Memory: How to Develop, Train and Use It

Chapter XIV

How to Remember Numbers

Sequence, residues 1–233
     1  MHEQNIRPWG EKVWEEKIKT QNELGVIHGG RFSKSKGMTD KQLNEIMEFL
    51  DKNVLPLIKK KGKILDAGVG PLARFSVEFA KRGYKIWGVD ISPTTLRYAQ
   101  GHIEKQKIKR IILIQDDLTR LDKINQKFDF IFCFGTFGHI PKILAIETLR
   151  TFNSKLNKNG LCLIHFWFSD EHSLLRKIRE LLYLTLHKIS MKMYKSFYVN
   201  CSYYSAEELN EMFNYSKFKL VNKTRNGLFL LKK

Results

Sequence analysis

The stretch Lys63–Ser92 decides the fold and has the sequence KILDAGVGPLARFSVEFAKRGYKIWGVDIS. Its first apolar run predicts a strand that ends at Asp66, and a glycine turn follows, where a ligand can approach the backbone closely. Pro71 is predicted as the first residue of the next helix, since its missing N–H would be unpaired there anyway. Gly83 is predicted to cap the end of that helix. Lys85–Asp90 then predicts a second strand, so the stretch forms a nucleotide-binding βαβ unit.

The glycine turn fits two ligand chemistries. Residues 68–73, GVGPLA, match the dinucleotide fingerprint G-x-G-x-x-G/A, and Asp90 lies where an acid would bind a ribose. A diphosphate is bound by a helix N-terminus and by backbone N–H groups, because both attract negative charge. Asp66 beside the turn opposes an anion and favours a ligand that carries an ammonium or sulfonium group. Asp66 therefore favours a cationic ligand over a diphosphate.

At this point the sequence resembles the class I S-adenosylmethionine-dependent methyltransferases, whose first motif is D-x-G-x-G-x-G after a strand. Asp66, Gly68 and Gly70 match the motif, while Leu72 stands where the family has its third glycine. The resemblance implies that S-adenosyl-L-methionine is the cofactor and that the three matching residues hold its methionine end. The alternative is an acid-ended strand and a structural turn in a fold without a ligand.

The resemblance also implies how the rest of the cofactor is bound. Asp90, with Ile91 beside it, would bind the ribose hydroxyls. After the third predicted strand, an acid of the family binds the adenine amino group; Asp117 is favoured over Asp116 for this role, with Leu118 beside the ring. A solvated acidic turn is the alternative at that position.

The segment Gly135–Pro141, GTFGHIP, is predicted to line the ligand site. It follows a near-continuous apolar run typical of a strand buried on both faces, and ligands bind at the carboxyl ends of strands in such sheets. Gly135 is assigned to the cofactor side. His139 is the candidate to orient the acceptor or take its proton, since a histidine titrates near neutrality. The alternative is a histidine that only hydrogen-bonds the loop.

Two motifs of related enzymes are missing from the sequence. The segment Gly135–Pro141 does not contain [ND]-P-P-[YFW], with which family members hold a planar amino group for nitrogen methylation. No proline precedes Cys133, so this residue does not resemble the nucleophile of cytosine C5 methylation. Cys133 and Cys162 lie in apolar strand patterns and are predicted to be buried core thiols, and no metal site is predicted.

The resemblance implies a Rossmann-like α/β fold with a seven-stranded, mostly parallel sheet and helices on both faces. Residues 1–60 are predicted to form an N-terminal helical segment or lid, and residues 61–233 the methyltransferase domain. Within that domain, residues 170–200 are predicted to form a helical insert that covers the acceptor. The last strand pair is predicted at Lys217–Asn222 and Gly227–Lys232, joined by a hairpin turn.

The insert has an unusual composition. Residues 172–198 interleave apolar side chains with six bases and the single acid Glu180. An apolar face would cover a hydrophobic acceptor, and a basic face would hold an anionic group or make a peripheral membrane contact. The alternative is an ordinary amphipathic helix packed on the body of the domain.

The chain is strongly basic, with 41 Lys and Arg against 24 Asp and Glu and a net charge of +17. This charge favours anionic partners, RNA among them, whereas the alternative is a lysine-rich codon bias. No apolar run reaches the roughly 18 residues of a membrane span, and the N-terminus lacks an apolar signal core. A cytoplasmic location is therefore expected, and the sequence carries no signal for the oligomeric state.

The faculty of Number–that is the faculty of knowing, recognizing and remembering figures in the abstract and in their relation to each other, differs very materially among different individuals. To some, figures and numbers are apprehended and remembered with ease, while to others they possess no interest, attraction or affinity, and consequently are not apt to be remembered. It is generally admitted by the best authorities that the memorizing of dates, figures, numbers, etc., is the most difficult of any of the phases of memory. But all agree that the faculty may be developed by practice and interest. There have been instances of persons having this faculty of the mind developed to a degree almost incredible; and other instances of persons having started with an aversion to figures and then developing an interest which resulted in their acquiring a remarkable degree of proficiency along these lines.